Herring Wants 6 More Years of AG Recusals & Refusals

Much-maligned Attorney General Mark Herring announced today he intends to seek re-election, rather than face off with current-Lieutenant Governor Ralph Northam, who has already announced he’s seeking the Governor’s office.

As has been covered extensively here at Bearing Drift, Mark Herring is asking that Virginia taxpayers continue to pay him $150,000 a year to recuse himself from cases, or outright refuse to defend Virginia law, which is, like, his job. Most recently, his refusal to defend the Virginia Photo ID law, something upheld around the country, and supported by 75% of Virginians. His galling recusal was so inexcusable, the Richmond-Times Dispatch even suggested resignation, just over one year into his term. Herring’s job performance has been so poor, no one has even bothered polling his job approval ratings. The last measure we could find dates to one year ago from Hampton University, August 2014, where just 21% of Virginians viewed him favorably.

We reminded you last year that the Supreme Court gay marriage ruling was a political disaster for Mark Herring, who’s judicial activism made any legislative agenda or ambitions a non-starter in the General Assembly, something that has been proven conclusively true. Compare his year and a half in office to his predecessors, Bob McDonnell and Ken Cuccinelli, respectively, who both based a number of legislative proposals strengthening Virginia law.

A reminder, from our latest, appropriately titled ‘Mark Herring Is a Joke‘:

Last year, just 13 days into his term, Herring announced he would refuse to defend Virginia law, sending shock waves through Richmond, bringing up impeachment, Virginia Bar misconduct and other sanctions. While none of these things came to pass, Herring was put on notice that his judicial activism and cherry-picking of laws to defend/not defend would not be tolerated. Herring heeded that message:

“If it may appear to some — because it happened so early in my term — that maybe this was going to happen frequently, (but) these situations, where an attorney general comes across a case that after an independent review he concludes that a state law is unconstitutional, come along very rarely,” he said.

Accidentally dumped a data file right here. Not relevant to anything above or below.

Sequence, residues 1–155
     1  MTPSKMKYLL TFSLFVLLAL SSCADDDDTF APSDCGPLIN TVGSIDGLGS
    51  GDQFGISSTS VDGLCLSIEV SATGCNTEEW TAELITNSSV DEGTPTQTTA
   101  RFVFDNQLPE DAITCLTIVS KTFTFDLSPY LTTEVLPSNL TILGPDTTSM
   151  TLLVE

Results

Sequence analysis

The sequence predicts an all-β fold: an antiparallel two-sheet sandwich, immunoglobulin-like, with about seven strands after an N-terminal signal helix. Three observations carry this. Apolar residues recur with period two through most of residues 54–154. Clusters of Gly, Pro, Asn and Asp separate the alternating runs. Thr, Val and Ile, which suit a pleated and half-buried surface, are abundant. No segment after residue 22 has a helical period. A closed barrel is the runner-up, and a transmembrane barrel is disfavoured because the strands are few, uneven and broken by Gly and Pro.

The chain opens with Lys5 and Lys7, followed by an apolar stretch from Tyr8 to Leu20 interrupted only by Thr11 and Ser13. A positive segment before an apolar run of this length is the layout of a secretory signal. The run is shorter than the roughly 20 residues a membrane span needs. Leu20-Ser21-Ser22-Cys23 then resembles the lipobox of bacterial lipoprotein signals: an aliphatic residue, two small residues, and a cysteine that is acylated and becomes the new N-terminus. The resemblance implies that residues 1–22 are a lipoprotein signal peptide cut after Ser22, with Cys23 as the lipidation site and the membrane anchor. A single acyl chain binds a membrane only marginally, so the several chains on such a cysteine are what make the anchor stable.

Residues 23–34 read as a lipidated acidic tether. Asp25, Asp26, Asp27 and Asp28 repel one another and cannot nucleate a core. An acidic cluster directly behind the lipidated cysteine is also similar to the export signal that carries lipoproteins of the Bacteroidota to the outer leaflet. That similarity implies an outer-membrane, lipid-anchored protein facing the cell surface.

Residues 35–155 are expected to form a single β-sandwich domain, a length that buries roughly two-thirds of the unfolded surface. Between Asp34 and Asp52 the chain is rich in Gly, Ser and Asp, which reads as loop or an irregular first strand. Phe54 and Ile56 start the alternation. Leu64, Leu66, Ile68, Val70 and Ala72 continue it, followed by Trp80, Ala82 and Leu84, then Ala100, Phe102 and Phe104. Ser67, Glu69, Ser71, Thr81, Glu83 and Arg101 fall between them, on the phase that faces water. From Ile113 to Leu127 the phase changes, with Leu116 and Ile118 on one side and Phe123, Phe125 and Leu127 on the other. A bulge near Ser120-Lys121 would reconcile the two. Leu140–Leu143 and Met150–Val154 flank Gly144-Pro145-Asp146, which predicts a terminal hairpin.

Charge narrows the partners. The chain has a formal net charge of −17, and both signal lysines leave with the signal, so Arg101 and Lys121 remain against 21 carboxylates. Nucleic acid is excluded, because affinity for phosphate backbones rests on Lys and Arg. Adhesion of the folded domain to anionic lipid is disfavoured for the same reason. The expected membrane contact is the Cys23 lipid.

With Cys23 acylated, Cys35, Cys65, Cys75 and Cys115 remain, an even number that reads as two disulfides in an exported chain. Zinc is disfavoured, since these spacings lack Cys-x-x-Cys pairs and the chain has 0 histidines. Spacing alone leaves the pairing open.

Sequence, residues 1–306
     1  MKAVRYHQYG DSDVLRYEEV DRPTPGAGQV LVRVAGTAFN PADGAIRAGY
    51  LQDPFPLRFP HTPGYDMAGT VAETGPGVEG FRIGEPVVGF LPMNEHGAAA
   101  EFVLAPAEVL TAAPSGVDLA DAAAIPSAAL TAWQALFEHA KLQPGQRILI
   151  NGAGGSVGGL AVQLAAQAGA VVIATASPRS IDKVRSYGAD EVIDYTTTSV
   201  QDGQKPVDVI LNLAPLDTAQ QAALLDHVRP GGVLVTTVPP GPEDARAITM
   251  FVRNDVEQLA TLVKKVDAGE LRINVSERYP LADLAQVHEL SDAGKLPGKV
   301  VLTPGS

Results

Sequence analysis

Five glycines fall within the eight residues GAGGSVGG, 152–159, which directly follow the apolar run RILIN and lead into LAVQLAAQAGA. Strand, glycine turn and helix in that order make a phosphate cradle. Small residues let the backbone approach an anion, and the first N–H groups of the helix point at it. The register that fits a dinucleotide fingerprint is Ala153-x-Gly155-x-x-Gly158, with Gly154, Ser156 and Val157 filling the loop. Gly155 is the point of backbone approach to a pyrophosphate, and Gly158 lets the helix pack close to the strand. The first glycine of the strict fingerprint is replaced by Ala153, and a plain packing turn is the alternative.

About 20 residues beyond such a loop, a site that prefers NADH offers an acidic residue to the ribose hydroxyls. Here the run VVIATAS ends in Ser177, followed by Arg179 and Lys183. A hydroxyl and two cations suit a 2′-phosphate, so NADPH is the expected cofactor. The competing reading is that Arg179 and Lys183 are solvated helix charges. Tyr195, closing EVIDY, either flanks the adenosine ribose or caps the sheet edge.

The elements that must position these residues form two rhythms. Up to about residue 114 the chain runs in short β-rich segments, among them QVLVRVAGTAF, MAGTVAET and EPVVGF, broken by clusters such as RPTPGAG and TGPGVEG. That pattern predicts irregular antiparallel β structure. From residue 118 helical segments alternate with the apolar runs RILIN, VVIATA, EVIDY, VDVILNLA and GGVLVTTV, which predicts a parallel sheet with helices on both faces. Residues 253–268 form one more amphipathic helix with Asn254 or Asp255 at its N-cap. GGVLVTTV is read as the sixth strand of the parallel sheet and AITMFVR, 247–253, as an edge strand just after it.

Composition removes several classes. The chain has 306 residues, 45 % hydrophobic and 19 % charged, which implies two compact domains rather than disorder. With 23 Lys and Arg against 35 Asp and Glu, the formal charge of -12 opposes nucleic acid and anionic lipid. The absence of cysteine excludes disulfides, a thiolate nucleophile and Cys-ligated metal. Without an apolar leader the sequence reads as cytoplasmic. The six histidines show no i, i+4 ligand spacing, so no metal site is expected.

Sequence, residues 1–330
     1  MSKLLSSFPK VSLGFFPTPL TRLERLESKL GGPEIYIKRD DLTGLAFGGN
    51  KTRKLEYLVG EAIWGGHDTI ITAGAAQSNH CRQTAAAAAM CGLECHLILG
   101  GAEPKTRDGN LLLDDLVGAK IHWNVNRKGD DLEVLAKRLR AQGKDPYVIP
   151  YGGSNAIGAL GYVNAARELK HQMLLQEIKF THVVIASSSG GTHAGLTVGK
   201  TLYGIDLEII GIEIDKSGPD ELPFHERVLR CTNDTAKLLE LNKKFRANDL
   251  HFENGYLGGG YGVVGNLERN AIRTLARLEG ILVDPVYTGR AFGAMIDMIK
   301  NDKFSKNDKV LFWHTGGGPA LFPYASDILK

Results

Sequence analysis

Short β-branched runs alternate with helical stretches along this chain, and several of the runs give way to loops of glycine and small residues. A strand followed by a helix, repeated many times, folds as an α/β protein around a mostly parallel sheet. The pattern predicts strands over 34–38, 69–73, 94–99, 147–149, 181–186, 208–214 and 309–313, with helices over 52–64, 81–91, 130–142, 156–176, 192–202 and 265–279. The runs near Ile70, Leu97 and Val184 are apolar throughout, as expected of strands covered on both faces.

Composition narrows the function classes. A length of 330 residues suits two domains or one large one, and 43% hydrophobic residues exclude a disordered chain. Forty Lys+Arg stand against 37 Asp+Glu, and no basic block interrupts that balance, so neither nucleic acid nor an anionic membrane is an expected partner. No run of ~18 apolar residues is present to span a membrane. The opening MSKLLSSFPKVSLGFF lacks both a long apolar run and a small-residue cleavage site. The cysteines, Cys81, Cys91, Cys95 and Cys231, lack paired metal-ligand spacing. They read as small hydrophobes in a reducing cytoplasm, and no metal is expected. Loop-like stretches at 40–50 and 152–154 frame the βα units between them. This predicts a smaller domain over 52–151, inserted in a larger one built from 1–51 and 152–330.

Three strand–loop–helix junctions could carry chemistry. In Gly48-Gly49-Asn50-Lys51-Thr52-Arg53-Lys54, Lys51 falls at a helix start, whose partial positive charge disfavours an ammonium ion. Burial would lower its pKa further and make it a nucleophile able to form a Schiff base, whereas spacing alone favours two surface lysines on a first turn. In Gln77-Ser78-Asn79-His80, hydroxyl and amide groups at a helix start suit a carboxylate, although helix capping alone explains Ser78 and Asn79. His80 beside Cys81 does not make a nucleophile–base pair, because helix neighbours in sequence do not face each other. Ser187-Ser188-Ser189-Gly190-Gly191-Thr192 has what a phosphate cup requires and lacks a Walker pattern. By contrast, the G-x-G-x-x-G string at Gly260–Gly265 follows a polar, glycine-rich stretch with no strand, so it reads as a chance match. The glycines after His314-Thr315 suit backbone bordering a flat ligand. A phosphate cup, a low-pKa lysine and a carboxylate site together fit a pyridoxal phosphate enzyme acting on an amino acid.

In his first three months in office, Herring says he has not identified other laws that he might consider constitutionally problematic.

“I’ll look at them on a case-by-case basis,” he said. “There will be a lot of cases over the term that I may disagree with as a matter of policy, but if I think the laws are adopted and constitutional, (then) I will defend them, even though I may disagree with the law.”

Or so he claimed at the time. Friday, he went ahead and did it again.

Attorney General Mark Herring will outsource the legal defense of the state’s voter ID laws and other election practices, Herring’s office announced Friday afternoon.

The Attorney General’s Office, which has about 200 lawyers on staff, brought in outside counsel in those cases as well, citing expertise and manpower needs. Herring said in a statement Friday that outside counsel for the voter ID case was needed to avoid “any concern that my previous advocacy would result in anything less than a vigorous defense.”

“Nothing is more fundamental than the right to vote and my position on these issues is clear,” Herring said in the statement. “I have consistently opposed these measures and worked hard in the legislature to combat them.”

In a deep profile piece on Democratic longshot for Attorney General, State Senator Mark Herring revealed his mistrust, distaste and flat out vitriol for Virginia voters today.

You may remember, Mark Herring has come out repeatedly against a number of positions that have been passed into Virginia law, including but not limited to:

– Virginia’s marriage constitutional amendment, passed by 57% of voters [refused to defend 02/2014]
The recently passed Photo ID bill, supported by more than 75% of Virginians [refused to defend 06/2015]
– Right to work, supported by more than 60% of Virginians
– Solidifying property rights, passed by more than 75% of voters

Herring has repeatedly put himself on the position of outside looking in when it comes to Virginia voters.

If we elect an Attorney General who arbitrarily decides whether or not a law is constitutional, despite being overwhelming passed in the General Assembly (property rights, 35-5) or in Virginia statewide (property rights, 76%), what’s the point in passing laws? What’s the point in passing constitutional amendments by voters?

Mark Herring is declaring he knows better than you, than me, than the General Assembly, than all of Virginia.

As noted before, BD has extensively covered Mark Herring’s past failures as a candidate and as an Attorney General, HERE, HERE, HERE, HERE, and HERE.

So no thanks, Mark Herring, you’ve wasted enough taxpayer money. Turn the lights out when you leave in January 2018.

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